Endeavour House was the name given to the former Institution for Boys, Tamworth in 1976, by the Department of Youth and Community Services, to indicate the institution had been improved and reformed. However Endeavour House was also a maximum-security juvenile detention centre for boys aged between 15 and 18 who had offended in other state institutions or were charged with serious crimes, and any improvements were slight. It closed in December 1989. The facility became, once more, an adult jail.
The Department of Community Services recorded in its 1978 Annual Report that the South Australian Royal Commission into the Administration of the Juvenile Courts Act assessed Endeavour House as:
... a successful experiment in resident/staff relationships, [that] gave the appearance of openness and normality, despite the very high brick wall.
The only real difference between Endeavour House and the former Tamworth Institution for Boys was that boys were allowed limited communications with each other, and some changes were made to their management.
Parramatta Girls Training School was also renamed in the 1970s, and the goal of the name changes for both institutions was to reduce some of the stigma associated with delinquent youths. In reality, Endeavour House remained a maximum security detention centre for young male offenders aged between 15 and 18 years.
Criminologist Christine Howlett has written that, by 1989, Endeavour House was 'a run-down centre whose antiquated facilities were notorious.' She has reviewed the Royal Commission into Aboriginal Deaths in Custody and the files of coroners' inquests into the deaths of three inmates of the home. One occurred in 1987, and two shortly after a riot, on 28 September 1989, that led to boys being locked down in cells without toilet facilities. One of the boys involved in the riot committed suicide in the home, while another committed suicide in the adult gaol at Maitland, where he had been transferred.
The State Library holds a series of images of Endeavour House.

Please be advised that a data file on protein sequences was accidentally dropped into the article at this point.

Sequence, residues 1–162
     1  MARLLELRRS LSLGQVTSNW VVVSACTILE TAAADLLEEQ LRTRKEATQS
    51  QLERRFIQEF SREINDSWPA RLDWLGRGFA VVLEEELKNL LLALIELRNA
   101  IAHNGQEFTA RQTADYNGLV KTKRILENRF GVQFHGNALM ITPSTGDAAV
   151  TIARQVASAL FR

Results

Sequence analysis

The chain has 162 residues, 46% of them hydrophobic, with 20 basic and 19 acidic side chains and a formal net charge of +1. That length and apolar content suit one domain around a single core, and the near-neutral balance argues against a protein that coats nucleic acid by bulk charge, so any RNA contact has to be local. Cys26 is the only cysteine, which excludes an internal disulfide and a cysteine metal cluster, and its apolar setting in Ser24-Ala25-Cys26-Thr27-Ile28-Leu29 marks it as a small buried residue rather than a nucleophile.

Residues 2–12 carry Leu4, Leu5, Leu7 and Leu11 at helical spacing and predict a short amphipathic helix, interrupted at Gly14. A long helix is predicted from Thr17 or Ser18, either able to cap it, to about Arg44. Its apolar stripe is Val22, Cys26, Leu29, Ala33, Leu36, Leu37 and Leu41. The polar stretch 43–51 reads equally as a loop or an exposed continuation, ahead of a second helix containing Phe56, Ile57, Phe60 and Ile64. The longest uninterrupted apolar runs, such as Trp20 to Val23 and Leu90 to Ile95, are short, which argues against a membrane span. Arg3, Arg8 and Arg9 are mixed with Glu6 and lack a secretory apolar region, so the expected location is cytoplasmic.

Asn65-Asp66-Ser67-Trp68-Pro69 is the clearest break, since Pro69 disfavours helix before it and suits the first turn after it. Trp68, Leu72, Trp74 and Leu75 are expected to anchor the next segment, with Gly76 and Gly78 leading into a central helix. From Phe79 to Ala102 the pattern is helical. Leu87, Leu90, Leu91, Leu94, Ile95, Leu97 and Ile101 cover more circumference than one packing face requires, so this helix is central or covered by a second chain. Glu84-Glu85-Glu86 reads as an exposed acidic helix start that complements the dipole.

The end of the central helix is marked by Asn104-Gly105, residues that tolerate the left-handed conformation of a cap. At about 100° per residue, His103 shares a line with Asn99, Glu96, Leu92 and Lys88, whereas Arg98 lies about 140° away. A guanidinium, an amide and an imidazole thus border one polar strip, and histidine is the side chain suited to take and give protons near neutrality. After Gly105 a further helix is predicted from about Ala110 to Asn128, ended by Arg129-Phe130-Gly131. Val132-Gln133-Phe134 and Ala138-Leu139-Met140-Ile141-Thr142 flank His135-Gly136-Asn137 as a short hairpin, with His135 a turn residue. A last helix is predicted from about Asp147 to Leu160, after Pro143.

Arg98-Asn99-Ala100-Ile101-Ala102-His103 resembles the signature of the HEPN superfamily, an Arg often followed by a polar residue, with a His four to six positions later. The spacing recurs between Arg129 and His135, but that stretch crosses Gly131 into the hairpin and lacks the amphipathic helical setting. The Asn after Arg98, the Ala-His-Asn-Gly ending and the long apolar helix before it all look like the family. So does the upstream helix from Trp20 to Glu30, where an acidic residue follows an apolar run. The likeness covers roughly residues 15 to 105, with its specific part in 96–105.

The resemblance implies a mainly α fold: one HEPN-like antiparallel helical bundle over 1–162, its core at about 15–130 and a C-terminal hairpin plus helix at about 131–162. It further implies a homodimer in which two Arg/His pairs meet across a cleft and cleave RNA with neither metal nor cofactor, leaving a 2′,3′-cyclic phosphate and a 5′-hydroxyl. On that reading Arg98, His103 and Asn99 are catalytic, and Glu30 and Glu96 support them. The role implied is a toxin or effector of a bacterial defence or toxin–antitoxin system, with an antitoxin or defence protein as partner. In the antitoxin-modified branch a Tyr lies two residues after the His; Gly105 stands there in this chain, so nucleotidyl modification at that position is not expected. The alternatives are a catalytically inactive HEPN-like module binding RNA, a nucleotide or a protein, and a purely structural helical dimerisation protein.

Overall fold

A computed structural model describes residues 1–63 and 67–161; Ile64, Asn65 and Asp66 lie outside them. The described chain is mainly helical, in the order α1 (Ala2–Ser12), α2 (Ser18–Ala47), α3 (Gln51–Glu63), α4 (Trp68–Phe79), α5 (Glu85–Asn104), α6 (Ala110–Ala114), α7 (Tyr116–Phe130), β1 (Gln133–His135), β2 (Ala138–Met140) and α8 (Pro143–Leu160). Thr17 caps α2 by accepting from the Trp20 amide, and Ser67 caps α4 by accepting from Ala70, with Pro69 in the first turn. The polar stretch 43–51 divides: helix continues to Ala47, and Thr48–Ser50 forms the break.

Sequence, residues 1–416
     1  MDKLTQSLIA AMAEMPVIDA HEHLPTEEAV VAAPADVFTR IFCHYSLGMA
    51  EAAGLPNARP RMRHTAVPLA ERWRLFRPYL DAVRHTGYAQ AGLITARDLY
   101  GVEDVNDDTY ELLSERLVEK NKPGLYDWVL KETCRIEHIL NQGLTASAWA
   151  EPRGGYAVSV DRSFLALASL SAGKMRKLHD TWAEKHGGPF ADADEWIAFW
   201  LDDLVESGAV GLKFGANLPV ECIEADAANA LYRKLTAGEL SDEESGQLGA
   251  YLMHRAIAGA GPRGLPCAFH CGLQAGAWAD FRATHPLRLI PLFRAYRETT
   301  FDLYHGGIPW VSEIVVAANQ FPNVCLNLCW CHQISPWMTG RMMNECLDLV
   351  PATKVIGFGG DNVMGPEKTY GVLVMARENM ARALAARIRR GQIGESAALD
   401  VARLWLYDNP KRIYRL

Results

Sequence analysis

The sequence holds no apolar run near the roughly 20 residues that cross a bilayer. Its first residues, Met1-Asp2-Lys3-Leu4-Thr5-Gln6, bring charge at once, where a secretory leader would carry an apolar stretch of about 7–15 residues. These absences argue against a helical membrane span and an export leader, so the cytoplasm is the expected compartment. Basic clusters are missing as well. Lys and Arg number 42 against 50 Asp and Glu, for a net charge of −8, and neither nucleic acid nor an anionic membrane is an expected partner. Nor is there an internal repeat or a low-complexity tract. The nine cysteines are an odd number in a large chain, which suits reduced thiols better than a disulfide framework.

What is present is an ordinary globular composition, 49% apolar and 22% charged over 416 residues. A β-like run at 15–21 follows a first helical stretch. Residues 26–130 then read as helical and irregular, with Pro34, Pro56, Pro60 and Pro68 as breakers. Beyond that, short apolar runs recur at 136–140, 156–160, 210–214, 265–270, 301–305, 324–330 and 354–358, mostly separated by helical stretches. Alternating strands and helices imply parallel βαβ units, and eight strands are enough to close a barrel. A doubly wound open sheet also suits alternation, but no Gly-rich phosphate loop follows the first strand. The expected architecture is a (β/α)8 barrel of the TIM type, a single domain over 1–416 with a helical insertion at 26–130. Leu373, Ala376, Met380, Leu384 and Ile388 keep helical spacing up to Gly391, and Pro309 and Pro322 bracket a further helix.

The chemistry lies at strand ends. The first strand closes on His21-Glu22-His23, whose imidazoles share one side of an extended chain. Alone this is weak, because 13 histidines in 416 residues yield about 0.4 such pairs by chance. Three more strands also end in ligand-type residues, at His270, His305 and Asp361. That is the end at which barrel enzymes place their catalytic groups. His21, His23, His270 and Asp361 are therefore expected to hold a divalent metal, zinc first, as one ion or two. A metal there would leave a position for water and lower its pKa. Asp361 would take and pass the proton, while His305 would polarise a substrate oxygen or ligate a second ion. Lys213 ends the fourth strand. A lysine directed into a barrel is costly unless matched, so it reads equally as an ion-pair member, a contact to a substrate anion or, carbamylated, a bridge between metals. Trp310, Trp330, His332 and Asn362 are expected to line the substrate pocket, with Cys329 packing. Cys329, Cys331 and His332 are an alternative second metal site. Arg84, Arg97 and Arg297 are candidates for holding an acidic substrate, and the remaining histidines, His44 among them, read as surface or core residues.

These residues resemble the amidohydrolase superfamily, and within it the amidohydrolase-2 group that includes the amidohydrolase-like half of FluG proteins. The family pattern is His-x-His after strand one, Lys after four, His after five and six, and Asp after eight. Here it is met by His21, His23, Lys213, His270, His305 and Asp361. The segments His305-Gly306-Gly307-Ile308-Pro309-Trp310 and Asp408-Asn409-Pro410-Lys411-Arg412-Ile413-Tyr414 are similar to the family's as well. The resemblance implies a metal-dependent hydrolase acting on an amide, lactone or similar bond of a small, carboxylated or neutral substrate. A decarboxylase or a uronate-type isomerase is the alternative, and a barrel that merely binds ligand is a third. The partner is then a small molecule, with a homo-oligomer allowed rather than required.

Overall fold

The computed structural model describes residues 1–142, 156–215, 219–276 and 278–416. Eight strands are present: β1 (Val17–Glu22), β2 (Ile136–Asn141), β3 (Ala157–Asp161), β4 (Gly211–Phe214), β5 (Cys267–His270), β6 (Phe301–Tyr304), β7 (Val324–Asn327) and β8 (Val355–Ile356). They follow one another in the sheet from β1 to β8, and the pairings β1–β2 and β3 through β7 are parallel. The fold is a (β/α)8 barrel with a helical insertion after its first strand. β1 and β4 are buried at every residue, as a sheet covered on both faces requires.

1948 - 1976 Institution for Boys, Tamworth
1976 - 1990 Endeavour House
Sources used to compile this entry: Report of the Department of Youth and Community Services for the year ended 30 June, New South Wales government, 1976-1988. Also available at https://www.opengov.nsw.gov.au/main; 'Endeavour House', in State Records Authority of New South Wales website, State of New South Wales through the State Records Authority of NSW 2016, https://www.records.nsw.gov.au/agency/1921; Howlett, Christine, Deaths in Custody Australia: No. 3 Deaths in Juvenile Detention, 1980-1992, Australian Institute of Criminology, May 1993, https://www.aic.gov.au/publications/dic/dic3; Rubie, Valerie, Sent to the Mountain: A History of Mount Penang Juvenile Justice Centre, Closure Committee of Mount Penang Juvenile Justice Centre, Gosford, 2003, 236 pp; Thompson, Geoff, 'Boys home linked to violent deaths', ABC 7.30 Report, 14 December 2011, http://www.abc.net.au/7.30/content/2011/s3391221.htm; Thompson, Geoff, 'Boys home turned teenagers into criminals', ABC AM, 14 December 2011, http://www.abc.net.au/am/content/2011/s3390417.htm; Thompson, Geoff, 'Lawyers say school for crims possibly illegal', ABC AM, 16 December 2011; Thompson, Geoff, 'School for Killers: 35 violent deaths linked to 'school for killers'', ABC Investigations Unit, 14 December 2011, https://www.abc.net.au/news/2011-12-14/tamworth-story/3709150; Thompson, Geoff, 'Tamworth boys may have been falsely imprisoned', ABC Online Investigations Unit, 16 December 2011, http://www.abc.net.au/news/2011-12-16/tamworth-boys-may-have-been-falsely-imprisoned/3734094?WT.mc_id=newsmail.
Prepared by: Naomi Parry
Created: 5 June 2012, Last modified: 19 March 2015